Trademarks and service-marks are initially registered for a 10 year period and must be renewed on or about the 10-year anniversary of the trademark registration. 

In addition, Israel has joined the Madrid Protocol; hence, an Israeli applicant may submit a single trademark application that can be automatically applied in over 90 countries. The filings are done under the Madrid System. 

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Antitrust Laws

Restrictive Trade Practices Law 

Israel's Restrictive Trade Practices Law is the primary law in the restraint of trade field. The law was legislated in order to prevent business from disrupting free competition in the markets. The law authorizes the Israeli Competition Authority to take action when free competition in a certain market or field might be negatively affected by a business activity. 

The Israeli Competition Authority is an independent government agency established in 1994 under an amendment to the Antitrust Law. The authority mandate includes preventing market power, preventing abuse of dominant position, enhancing the competition in the Israeli markets and advising the government and the Knesset about the competitive implications of their actions.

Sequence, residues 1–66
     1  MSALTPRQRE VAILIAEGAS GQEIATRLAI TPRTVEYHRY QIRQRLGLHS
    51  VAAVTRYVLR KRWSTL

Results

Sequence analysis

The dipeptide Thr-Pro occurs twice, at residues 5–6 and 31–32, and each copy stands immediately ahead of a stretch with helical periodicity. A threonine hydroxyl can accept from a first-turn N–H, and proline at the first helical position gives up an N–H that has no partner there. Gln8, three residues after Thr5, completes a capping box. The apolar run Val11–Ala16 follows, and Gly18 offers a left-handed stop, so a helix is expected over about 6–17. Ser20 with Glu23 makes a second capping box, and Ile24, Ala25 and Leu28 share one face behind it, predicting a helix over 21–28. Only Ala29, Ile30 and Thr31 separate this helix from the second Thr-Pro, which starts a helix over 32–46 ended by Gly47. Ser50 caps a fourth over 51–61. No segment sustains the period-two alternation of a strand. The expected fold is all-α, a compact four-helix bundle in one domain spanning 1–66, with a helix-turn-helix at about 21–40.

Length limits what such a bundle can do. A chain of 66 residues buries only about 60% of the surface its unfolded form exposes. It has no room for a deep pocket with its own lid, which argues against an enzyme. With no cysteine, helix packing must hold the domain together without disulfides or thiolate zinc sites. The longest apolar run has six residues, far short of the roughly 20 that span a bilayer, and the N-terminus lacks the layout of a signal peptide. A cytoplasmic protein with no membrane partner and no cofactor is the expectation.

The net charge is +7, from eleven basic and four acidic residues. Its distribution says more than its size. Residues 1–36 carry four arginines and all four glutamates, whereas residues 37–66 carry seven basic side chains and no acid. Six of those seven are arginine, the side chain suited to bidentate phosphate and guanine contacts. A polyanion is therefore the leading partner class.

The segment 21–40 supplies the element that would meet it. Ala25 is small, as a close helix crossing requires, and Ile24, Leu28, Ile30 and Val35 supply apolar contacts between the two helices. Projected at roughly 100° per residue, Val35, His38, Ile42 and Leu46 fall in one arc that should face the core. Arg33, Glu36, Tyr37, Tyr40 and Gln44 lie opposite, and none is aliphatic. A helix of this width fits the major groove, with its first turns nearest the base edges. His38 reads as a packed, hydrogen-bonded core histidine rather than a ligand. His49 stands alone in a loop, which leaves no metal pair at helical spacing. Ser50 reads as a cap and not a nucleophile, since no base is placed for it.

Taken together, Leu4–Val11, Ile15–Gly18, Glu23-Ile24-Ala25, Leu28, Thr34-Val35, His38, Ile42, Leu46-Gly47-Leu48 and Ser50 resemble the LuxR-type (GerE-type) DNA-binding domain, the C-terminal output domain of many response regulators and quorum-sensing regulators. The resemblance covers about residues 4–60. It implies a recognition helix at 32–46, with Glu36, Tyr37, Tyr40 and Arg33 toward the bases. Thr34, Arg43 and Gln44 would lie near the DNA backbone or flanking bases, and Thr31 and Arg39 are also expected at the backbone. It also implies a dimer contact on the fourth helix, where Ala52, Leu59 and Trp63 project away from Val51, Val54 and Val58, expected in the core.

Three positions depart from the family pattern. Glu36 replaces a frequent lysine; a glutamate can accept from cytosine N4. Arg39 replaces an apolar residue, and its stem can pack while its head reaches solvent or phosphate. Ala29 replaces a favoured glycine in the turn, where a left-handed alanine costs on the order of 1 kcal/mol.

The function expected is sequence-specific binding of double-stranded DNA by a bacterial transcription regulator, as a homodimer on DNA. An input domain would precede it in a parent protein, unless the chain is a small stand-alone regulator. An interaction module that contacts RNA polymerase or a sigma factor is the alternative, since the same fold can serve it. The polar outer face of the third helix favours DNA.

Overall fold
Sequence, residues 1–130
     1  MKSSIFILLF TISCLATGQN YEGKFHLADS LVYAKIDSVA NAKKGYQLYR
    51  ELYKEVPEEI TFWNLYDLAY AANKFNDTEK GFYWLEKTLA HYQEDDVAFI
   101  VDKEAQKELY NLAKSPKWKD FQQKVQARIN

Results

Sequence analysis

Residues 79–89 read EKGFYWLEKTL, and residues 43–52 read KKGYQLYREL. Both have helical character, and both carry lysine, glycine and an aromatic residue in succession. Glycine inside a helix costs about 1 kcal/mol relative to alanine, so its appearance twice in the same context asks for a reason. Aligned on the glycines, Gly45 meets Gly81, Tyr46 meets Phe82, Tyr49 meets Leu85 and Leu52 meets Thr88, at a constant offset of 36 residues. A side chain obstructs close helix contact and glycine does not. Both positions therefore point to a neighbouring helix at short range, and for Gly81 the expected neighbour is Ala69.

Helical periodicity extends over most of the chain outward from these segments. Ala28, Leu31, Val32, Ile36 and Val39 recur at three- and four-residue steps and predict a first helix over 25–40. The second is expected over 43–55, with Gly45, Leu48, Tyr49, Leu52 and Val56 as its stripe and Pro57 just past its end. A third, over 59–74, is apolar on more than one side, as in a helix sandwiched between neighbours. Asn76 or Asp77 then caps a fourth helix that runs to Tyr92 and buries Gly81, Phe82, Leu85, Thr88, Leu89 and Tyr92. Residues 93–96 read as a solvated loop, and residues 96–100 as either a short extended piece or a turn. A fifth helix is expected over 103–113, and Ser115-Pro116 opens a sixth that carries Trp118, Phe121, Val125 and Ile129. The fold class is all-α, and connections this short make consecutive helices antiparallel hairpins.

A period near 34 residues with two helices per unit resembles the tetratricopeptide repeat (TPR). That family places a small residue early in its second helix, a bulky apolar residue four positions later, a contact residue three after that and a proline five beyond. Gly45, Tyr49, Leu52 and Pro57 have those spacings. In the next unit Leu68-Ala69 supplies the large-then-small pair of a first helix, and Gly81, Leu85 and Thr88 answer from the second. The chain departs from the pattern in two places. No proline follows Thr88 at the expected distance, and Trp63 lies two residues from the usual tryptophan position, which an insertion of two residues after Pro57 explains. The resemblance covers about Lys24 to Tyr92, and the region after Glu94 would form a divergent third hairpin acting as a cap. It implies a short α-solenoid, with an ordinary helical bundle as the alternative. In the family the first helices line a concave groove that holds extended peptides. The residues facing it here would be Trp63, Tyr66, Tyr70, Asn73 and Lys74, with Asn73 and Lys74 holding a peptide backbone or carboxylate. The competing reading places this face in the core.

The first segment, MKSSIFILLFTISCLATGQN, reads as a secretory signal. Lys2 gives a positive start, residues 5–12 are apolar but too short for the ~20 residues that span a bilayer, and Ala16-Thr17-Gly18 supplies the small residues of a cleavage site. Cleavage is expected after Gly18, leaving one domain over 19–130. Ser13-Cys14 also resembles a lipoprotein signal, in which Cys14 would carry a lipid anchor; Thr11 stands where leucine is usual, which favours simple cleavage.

The Law for the Promotion of Competition and Reduction of Concentration 

The law was enacted in 2013 and deals with three aspects of competition promotion: Various market and state essential considerations regarding public assets allocation, limiting the control on pyramid companies and separating large non-financial corporations and large financial entities. 

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​Financial Reporting and Auditing